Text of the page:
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Fringe Benefits Year-End Roundup: Reporting and Compliance Must-Knows

November 22, 2023

Written by Complete Payroll

Fringe Benefits Year-End Roundup Reporting and Compliance Must-Knows Banner

With the year coming to a close, HR departments and payroll specialists are hustling to make sure they've got every aspect of employee compensation covered.

In the spirit of thoroughness and legal compliance, it’s critical to consider not only direct cash payments but also the gamut of fringe benefits provided to employees throughout the year.

Fringe Benefits Can Be Taxable

Understanding the tax implications of fringe benefits is vital for accurate reporting and compliance. Here's a more detailed look at common fringe benefits that can impact your end-of-year reporting:

  • Bonuses: Typically considered a part of taxable income, these need to be reported on an employee’s W-2 form.
  • Paid moving expenses: While some moving expenses are deductible, any amount given to an employee that exceeds the actual cost of moving is taxable.
  • Business frequent flyer miles: If an employee converts business-earned miles to cash, the cash equivalent must be reported as income.
  • Group term life insurance: The cost of coverage over $50,000 is subject to tax and must be included in employee earnings.
  • Mileage reimbursements: Amounts that surpass the IRS's standard business mileage rate are taxable. In 2023, this standard rate was 65.5 cents per mile. Reimbursements above this rate become a part of taxable income.
  • Education reimbursements: Only job-related education expenses are non-taxable. Any other educational expenses covered by the employer are considered taxable benefits.

Analyzing the taxability of fringe benefits is crucial, as misclassification may lead to tax penalties. Employers must scrutinize the nature of the courses taken by employees and reimburse accordingly.

Some Fringe Benefits Required by Law

While some benefits are indeed discretionary, others are mandatory and must be offered by employers. These typically include:

  • Health insurance: Employers of a specific size must provide this to full-time employees.
  • Workers' compensation: This coverage is a statutory requirement in every state, providing benefits to employees who suffer job-related injuries or illnesses.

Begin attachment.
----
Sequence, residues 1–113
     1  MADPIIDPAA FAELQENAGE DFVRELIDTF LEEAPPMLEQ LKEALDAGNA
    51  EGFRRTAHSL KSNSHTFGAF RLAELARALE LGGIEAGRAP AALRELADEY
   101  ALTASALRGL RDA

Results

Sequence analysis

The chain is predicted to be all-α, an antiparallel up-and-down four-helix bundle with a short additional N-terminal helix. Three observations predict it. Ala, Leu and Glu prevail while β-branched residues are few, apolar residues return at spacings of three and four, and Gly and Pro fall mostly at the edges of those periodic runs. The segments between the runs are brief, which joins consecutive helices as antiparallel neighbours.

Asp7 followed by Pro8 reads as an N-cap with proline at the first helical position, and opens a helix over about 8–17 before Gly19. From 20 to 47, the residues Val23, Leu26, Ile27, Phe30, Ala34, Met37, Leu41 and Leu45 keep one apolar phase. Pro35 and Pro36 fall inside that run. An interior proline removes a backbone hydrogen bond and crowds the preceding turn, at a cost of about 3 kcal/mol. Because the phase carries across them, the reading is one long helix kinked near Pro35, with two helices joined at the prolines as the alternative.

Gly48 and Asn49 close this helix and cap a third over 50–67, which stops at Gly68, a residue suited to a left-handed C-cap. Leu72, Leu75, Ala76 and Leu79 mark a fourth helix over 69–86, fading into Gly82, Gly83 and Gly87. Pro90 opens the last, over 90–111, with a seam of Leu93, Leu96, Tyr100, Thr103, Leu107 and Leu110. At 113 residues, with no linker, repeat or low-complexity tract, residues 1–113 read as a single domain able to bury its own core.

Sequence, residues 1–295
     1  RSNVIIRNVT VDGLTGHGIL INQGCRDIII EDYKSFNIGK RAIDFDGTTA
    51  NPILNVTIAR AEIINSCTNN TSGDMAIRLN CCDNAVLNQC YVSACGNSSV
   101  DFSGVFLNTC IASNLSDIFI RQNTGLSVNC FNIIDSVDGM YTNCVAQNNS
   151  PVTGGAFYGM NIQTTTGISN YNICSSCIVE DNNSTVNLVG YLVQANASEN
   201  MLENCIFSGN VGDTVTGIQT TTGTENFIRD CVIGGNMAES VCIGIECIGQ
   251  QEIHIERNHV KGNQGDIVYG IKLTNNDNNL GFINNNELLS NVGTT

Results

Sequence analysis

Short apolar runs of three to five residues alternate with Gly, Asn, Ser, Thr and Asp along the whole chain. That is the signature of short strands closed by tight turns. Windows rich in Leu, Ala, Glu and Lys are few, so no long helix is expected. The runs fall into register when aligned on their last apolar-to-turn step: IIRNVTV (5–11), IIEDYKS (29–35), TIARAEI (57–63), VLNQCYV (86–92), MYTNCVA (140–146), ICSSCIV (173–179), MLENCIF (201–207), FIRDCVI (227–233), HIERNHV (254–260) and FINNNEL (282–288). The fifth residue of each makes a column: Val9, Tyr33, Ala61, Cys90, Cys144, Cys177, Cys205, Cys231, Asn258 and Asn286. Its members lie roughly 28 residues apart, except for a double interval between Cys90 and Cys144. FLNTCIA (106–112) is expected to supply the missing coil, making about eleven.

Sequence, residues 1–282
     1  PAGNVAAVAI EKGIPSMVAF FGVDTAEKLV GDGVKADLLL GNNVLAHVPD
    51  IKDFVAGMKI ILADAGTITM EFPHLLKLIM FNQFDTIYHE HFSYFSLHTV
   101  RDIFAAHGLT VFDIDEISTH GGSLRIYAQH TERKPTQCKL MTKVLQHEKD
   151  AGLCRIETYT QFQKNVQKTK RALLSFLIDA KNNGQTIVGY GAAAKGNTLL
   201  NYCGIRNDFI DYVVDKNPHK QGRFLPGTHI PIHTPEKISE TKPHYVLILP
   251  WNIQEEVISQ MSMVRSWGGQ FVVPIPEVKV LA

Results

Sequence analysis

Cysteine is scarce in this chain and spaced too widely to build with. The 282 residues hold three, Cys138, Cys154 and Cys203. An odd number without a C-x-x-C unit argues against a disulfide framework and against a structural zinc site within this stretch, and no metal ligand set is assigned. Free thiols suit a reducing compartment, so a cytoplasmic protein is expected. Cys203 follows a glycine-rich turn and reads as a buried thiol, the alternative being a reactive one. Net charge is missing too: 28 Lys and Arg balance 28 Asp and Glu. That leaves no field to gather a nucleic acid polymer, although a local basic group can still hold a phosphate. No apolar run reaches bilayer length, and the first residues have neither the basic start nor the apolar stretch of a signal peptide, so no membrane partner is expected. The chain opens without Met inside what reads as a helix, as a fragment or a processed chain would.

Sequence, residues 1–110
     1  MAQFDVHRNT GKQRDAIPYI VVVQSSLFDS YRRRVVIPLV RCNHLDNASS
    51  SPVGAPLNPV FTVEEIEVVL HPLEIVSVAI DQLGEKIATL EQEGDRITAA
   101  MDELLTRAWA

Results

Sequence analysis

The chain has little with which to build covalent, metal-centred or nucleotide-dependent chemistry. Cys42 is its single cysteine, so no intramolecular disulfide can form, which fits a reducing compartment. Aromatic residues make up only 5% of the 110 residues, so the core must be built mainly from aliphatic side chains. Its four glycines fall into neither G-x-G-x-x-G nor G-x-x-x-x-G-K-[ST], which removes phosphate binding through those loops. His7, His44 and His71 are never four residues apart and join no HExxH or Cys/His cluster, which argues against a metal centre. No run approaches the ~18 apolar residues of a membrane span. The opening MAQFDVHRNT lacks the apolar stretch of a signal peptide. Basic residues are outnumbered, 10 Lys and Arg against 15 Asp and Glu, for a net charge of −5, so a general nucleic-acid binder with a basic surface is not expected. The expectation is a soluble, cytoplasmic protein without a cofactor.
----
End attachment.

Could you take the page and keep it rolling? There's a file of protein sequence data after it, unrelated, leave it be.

• Unemployment insurance: Employers are obliged to contribute to this state-managed insurance system, which provides temporary income to employees who have lost their jobs.
  • Family and medical leave: This federal requirement ensures that eligible employees are provided with up to 12 weeks of unpaid leave for qualified medical and family reasons.

It's essential for businesses to understand these legal obligations and to integrate them into their fringe benefits program, ensuring compliance with all applicable laws.

Examples of Fringe Benefits That Aren't Taxed

Conversely, not all fringe benefits come with a tax stipulation. Here are some tax-free benefits:

  • Health insurance contributions: These are non-taxable up to a ceiling, which provides a significant tax shield for employee compensation packages.
  • Adoption assistance: Employers can offer tax-free assistance for adoption-related expenses to their employees.
  • Dependent care assistance: Qualifying expenses related to child care or care for dependents can be provided tax-free up to certain limits.
  • Employee discounts: Discounts on services or goods from the employer are tax-free within certain limits.
  • Retirement planning services: Assisting employees with retirement planning is a valuable, tax-free service.
  • Profit-sharing and stock bonus programs: These qualified plans are designed to defer taxes on contributions until the benefits are paid out to employees.

How to Report Fringe Benefits

For reporting purposes, all taxable fringe benefits must be included in an employee's taxable income. The correct reporting forms include:

  • W-2 Forms: Employees receive this standard form, which summarizes their yearly wages and the amount of taxes withheld from their paycheck, including fringe benefits.
  • Form 1099-NEC: Independent contractors who receive fringe benefits must be reported on this form.
  • Schedule K-1 (Form 1065): Partners in a partnership receiving benefits will have their share reported in this document.

Employers have the option to uniformly withhold a flat rate of 22% on the value of taxable fringe benefits to simplify accounting and spread tax liabilities over the course of the year.

The Takeaway

Fringe benefits are essential for attracting and retaining talent, and employers must distinguish between taxable and non-taxable benefits to avoid tax-related issues. Proactive education about tax implications helps ensure compliance and a trustworthy work environment.


DISCLAIMER: The information provided herein does not constitute the provision of legal advice, tax advice, accounting services or professional consulting of any kind. The information provided herein should not be used as a substitute for consultation with professional legal, tax, accounting, or other professional advisers. Before making any decision or taking any action, you should consult a professional adviser who has been provided with all pertinent facts relevant to your particular situation and for your particular state(s) of operation.

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